Research and Extension Interests Integrated pest management (IPM) practices aim to reduce agricultural inputs by preventing the introduction and spread of plant pathogens, by early pathogen detection, and by implementing sound cultural and biological practices. It is my mission to provide the horticultural community with the tools and knowledge that they need to implement IPM programs that are effective, economical, and have a minimal impact on our environment.
My research interests focus on two components of an effective IPM program: early diagnosis of disease and the implementation of biological control strategies to manage diseases and weeds. As part of my research program, DNA-based diagnostic tools will be developed and used to conduct pathogen surveys. These surveys will assess the potential for disease outbreaks across Minnesota so that the appropriate management plans can be initiated. The other aspect of my research program is the study of biological control organisms including their mechanisms of action, secondary metabolite production, and the impact of cultural practices on the fate of biocontrol organisms and naturally occurring microbial communities. The results of my research will directly contribute to the knowledge and tools available to the horticultural pathology extension education program.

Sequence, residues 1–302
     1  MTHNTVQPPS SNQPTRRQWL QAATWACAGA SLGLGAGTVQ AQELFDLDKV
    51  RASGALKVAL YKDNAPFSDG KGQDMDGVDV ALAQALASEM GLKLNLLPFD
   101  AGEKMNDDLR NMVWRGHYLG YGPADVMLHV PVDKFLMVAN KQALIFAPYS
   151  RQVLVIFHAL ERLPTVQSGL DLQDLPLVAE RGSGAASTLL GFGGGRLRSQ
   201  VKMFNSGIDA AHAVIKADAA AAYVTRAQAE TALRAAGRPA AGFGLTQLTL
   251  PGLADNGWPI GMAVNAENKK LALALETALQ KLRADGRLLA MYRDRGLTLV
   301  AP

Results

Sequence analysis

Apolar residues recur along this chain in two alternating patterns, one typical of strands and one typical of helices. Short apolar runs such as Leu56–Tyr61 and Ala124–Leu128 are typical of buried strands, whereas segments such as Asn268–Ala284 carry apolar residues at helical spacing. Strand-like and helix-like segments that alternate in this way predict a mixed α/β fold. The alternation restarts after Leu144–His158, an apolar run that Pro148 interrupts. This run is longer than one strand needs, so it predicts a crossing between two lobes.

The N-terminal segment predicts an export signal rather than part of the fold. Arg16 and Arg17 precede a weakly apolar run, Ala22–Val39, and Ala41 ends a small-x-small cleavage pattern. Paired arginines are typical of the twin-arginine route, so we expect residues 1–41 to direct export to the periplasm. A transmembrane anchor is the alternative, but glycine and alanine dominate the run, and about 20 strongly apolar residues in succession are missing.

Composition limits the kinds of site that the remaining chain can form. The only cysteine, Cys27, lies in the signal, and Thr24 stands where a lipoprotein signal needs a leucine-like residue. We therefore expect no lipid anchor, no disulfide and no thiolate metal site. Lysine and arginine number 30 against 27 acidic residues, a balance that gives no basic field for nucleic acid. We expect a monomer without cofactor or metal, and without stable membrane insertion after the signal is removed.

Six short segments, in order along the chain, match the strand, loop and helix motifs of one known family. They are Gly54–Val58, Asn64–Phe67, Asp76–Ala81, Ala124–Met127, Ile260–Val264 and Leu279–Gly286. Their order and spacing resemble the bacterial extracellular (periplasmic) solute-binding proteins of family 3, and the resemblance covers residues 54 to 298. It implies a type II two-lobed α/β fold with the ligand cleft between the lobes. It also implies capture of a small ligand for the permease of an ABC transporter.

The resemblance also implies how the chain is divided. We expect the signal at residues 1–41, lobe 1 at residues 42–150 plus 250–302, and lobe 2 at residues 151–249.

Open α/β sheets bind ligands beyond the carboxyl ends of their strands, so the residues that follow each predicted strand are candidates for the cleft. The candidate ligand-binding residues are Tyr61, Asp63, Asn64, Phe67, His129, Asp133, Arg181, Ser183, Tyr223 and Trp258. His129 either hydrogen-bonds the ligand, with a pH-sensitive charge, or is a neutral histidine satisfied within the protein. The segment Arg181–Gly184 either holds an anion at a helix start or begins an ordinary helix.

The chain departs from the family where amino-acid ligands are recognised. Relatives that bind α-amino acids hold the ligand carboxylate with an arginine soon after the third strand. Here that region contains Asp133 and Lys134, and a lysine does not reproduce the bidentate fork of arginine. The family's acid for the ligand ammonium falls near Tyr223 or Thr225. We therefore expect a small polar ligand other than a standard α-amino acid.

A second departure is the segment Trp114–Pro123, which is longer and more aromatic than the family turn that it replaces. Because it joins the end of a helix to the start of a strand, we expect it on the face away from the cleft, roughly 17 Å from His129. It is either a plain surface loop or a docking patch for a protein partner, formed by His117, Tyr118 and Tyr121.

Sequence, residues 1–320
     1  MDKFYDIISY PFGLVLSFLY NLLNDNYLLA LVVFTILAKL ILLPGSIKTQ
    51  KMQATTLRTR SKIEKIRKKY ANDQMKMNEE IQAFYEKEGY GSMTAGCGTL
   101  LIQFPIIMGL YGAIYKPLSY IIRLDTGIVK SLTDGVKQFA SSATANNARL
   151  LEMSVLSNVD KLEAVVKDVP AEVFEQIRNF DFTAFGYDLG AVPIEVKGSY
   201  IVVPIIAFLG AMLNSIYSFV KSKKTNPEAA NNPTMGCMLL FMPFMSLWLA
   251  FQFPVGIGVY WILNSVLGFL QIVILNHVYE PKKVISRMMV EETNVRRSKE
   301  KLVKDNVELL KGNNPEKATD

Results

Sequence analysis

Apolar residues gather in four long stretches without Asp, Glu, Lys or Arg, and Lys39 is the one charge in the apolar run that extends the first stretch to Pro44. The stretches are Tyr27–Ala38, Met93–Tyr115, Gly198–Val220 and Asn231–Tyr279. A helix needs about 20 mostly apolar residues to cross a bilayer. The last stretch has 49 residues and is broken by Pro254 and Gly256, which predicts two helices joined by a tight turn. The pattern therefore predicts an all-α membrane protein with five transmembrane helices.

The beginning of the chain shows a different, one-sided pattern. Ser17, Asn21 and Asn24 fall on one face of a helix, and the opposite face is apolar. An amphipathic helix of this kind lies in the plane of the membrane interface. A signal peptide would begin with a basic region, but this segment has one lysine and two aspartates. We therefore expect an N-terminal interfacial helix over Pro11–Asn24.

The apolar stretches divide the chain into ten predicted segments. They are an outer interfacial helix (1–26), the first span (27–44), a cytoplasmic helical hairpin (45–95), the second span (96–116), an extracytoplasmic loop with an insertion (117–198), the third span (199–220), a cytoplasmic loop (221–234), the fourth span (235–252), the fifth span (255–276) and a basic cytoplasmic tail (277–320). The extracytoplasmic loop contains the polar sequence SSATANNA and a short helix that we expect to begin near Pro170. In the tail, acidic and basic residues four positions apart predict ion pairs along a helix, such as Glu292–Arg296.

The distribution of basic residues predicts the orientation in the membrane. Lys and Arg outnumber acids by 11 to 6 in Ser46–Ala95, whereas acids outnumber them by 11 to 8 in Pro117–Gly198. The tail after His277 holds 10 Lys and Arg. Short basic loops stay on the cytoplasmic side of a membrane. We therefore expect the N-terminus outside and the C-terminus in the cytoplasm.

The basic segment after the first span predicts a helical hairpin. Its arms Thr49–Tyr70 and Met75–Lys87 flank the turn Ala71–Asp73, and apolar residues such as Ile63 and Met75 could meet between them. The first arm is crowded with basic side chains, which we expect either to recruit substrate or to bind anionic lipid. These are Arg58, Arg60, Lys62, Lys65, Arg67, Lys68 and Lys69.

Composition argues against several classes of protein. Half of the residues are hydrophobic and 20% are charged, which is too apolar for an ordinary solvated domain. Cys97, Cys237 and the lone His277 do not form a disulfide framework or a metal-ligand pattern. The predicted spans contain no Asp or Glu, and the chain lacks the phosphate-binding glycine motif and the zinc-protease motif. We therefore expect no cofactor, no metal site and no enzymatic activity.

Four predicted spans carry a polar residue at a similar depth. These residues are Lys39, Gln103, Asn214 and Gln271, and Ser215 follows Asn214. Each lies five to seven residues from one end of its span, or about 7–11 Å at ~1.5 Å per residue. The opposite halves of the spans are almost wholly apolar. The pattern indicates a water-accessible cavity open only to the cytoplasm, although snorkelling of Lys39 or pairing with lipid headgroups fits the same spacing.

As an extension specialist, I will work collaboratively with extension educators, government agencies and industry personnel to implement an education program that provides timely and accurate updates on diseases of importance to Minnesota’s horticultural industry including fruit and vegetable growers, the turf and grounds foundation, master gardeners, and the Minnesota nursery and landscape association.
Josh Havill, M.S. student in the department advised by Angela Orshinsky, provides background about hop powdery mildew and ways to manage/prevent the disease in Minnesotan hopyards in this video. Read more >>
As the microbrewery industry in the state of Minnesota continues to expand each year, brewers are looking to hop producers near home to provide sustainable and high-quality hops. In order to meet this growing demand, Angela Orshinsky, assistant professor in the Department of Plant Pathology and her research team are working with hop producers throughout the state to provide answers to the many hops management questions that past research has not yet answered for local producers. Read more >>
Department of Plant Pathology | 495 Borlaug Hall 1991 Upper Buford Circle | St. Paul, MN 55108 (612) 625-8200 | Fax: (612) 625-9728 | firstname.lastname@example.org